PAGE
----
White’s main-stage pedalboard for The Wall tour includes a Boss TU-2 tuner, an Ernie Ball volume pedal,
a Boss BD-2 Blues Driver that he uses for his basic sound, a Boss OD-3 OverDrive, a Boss RT-20 Rotary
Ensemble (used for the solo in “Mother” and other chorusing sounds), a Line 6 M9 Stompbox Modeler (the
“Chorus” switch is for the verse of “Comfortably Numb,” and the “Spaces” switch provides delay for “Hey
You”), and a Voodoo Lab Pedal Power 2 Plus. Photo by Snowy White
White keeps a separate pedalboard on the front stage of The Wall production. It features a Vox 845 wah,
an Ernie Ball volume pedal, a Line 6 M9 Stompbox Modeler, a Korg Pitchblack tuner, a Morley ABY switch
that selects between his two Vox AC30s, and a Voodoo Lab Pedal Power 2 Plus. Photo by Snowy White
Tell us about some of your other projects.
In between working with Roger and the other odd things that come up, I do my own thing. I’ve had a band for a number of years called the White Flames. We’ve recorded about 12 or 13 albums, and we go out around Europe a bit. We’ve got a new album coming out in February called Realistic. For another project, a lot of people told me they’d like to hear more basic blues. So I thought, “I’m not a blues singer, but I’ll get a few people together and get some good vocalists and I can just sit back and play guitar a bit.” I was lucky to get Matt Taylor in there, who’s got a great voice and is a great guitarist, and Ruud Weber, a really good blues bass player and singer who does frontman stuff, which means I can relax and just play my blues thing. So we got together as the Snowy White Blues Project and made an album, In Our Time of Living. The thing is, we didn’t all assemble in the same room together until the day we started recording. We were able to come up with ideas via email. Nobody had even met everybody at the same time. We had a rehearsal in the afternoon, and the next day we went to the studio for about five days and put down everything fresh, mostly live. And I was really pleased, because when you do that you never know what the result will be. It could’ve been a disaster and cost a lot of money—and I was paying for everything. But it went really well and I was very pleased with it, so we decided to go and put some gigs together and get out on the road, which you can hear on In Our Time… Live—a title we chose just to keep the name alive while I’m out with Roger. By the end of this Wall tour, I should be looking forward to going back to some small clubs and playing some blues.
How much songwriting did you do for these projects, and what’s your writing process like?
I write nearly all the songs on the White Flames albums. But with the blues project, we’ve got a few songs each and a few covers. It’s good, because everybody gets his thing in and that’s the best way to do it, really. I’m happy to take a backseat just playing my blues. As for the process, I sit down with my guitar and I strum a few chords to get some sort of direction. If I’m in a mood, I’ll play a minor thing and I might start thinking about what it would be like to play a guitar solo over those minors. And then I come up with a lyric or hook line, and over a period of weeks or months or even years, I just kick it around and put it together. Some songs come really quickly. I had a hit single around ’84 called “Bird of Paradise” that took me about 15 minutes to write—one of those songs that just came out complete with lyrics and everything. And others kick around for ages and eventually something makes it work or not. So there’s no real technique to it for me, no plan—it just comes or it doesn’t.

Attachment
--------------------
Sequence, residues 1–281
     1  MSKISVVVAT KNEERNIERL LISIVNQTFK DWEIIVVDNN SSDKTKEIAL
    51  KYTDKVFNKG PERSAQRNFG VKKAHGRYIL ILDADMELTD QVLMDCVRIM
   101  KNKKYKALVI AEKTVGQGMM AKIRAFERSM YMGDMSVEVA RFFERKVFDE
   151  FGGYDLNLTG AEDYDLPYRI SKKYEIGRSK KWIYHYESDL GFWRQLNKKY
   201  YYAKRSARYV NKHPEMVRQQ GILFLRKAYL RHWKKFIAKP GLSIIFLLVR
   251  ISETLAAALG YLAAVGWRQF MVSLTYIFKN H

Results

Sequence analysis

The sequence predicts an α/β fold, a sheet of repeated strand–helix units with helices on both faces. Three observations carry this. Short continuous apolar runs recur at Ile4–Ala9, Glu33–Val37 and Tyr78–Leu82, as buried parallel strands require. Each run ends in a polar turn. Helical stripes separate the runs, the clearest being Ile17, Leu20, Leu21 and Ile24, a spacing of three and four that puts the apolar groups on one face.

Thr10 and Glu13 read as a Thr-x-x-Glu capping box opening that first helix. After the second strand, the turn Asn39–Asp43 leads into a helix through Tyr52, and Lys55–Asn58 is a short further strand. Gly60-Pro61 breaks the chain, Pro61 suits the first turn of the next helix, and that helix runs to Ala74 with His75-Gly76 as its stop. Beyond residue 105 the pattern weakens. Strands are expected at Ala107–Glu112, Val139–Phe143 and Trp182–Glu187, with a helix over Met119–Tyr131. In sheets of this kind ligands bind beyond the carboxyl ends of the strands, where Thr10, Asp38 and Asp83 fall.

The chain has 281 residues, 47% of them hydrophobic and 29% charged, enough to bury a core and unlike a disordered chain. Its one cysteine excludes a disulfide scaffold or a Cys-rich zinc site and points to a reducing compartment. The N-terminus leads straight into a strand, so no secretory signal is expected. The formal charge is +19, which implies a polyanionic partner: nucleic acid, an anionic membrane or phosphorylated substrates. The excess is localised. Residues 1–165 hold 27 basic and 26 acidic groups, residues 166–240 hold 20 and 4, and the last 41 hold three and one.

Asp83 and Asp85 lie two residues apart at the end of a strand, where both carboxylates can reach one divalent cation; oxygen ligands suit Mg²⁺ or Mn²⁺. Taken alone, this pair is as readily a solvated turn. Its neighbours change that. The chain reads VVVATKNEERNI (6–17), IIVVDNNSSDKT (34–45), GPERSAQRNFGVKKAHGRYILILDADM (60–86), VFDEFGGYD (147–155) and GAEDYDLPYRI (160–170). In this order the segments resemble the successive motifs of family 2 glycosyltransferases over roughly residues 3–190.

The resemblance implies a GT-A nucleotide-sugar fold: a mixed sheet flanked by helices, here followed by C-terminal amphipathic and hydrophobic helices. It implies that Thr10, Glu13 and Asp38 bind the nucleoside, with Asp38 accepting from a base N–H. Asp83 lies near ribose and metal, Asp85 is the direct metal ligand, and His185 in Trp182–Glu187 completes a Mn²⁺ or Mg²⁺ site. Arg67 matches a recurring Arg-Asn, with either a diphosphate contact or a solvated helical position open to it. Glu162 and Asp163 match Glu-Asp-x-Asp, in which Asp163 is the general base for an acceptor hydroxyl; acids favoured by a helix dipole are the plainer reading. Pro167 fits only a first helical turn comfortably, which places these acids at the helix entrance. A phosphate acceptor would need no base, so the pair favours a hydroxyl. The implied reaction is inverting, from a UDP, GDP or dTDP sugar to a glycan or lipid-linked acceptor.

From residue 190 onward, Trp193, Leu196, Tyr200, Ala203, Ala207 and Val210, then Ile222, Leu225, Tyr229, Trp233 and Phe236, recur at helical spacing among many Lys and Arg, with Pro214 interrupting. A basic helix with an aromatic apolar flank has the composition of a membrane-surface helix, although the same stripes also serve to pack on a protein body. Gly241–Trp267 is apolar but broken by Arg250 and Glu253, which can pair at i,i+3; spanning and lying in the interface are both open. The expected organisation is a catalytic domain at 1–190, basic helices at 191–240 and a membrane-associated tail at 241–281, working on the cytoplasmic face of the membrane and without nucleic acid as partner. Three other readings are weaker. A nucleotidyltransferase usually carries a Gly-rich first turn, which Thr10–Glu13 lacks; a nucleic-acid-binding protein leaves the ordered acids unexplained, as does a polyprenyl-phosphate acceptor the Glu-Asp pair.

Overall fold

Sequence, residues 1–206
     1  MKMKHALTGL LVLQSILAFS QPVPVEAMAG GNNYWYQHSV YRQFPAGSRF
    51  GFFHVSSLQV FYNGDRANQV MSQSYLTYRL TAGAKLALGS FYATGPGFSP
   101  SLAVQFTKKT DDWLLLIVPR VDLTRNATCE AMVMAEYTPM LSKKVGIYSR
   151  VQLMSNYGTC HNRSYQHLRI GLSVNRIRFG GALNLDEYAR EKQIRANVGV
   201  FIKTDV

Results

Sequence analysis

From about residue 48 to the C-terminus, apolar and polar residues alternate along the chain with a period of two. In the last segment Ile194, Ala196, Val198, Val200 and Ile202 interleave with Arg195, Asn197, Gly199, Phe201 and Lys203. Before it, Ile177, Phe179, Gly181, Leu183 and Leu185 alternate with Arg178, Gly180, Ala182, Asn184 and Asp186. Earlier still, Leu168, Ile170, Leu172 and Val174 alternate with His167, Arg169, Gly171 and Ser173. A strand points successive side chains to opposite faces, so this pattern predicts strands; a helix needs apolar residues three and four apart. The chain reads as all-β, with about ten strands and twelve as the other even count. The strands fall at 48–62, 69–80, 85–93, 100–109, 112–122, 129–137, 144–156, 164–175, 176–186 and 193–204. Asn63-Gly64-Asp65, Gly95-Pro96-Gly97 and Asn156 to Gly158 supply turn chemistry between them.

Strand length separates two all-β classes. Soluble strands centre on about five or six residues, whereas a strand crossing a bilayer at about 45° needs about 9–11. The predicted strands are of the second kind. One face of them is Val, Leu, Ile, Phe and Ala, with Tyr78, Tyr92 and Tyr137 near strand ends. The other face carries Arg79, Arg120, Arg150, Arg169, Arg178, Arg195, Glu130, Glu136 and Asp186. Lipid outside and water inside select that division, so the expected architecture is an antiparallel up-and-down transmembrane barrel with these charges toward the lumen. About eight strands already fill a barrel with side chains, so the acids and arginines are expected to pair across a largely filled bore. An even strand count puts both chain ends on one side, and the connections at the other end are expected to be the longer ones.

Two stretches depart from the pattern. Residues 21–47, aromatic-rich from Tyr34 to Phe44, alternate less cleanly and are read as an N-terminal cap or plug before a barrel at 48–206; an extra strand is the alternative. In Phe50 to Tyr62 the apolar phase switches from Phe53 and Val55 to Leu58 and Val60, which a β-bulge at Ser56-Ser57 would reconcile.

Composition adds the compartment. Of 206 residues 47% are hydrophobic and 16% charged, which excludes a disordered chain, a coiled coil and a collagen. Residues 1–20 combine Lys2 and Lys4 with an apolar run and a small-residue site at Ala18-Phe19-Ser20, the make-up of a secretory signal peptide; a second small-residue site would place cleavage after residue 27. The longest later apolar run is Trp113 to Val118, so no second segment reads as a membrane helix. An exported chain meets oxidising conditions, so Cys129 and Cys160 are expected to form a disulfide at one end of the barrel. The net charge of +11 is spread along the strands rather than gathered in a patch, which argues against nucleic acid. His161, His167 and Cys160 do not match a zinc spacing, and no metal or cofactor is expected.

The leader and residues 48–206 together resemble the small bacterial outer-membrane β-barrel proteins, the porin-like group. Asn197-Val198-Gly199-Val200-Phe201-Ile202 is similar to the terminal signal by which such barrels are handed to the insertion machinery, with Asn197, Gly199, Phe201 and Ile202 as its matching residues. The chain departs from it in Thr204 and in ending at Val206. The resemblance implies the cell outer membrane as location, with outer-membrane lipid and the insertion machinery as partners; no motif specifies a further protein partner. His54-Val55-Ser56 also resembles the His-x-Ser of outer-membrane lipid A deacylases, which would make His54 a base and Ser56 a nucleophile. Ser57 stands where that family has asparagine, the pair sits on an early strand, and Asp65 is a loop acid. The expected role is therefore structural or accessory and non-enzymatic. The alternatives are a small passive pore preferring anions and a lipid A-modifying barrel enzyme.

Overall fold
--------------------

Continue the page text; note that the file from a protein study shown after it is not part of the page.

Is there any new music that inspires you?
I don’t actually listen to music at home. I play it in my car. Occasionally, I’ll hear something I really like. But most of the time I don’t know who it is. People will ask me, “What do you think about this guitarist and that guitarist?”— new young guys—and I listen and say, “That’s great.” But then I forget who they are. And I can hear that a young player’s been listening to Albert King, for instance, and then I remember my old days and think, I know just how he feels—he’s all excited that he’s discovered Albert King. Honestly, though, I’d prefer to listen to Albert King. But I wish all these guys a lot of luck, because they’re some great players and they’re helping keep the blues alive.
Snowy White’s Wall Tour Gearbox
1957 Gibson goldtop Les Paul, Gibson goldtop Les Paul reissue with Stetsbar tremolo, 1957 Gibson Les Paul Historic, Gibson ES-345, Fender David Gilmour Signature Series Stratocaster, Fender Stratocaster
Two Vox AC30s (one is set with extra treble for solos)
Line 6 M9 Stompbox Modeler, Boss BD-2 Blues Driver, Boss OD-3 OverDrive, Boss RT-20 Rotary Ensemble, Ernie Ball volume pedal, Vox V845 wah
Strings and Picks
.010–.052 sets for Les Pauls, .010–.046 sets for Stratocasters, custom “Snowy White” teardrop-shaped picks
Boss TU-2 chromatic tuner, Korg Pitchblack chromatic tuner, Voodoo Lab Pedal Power 2 Plus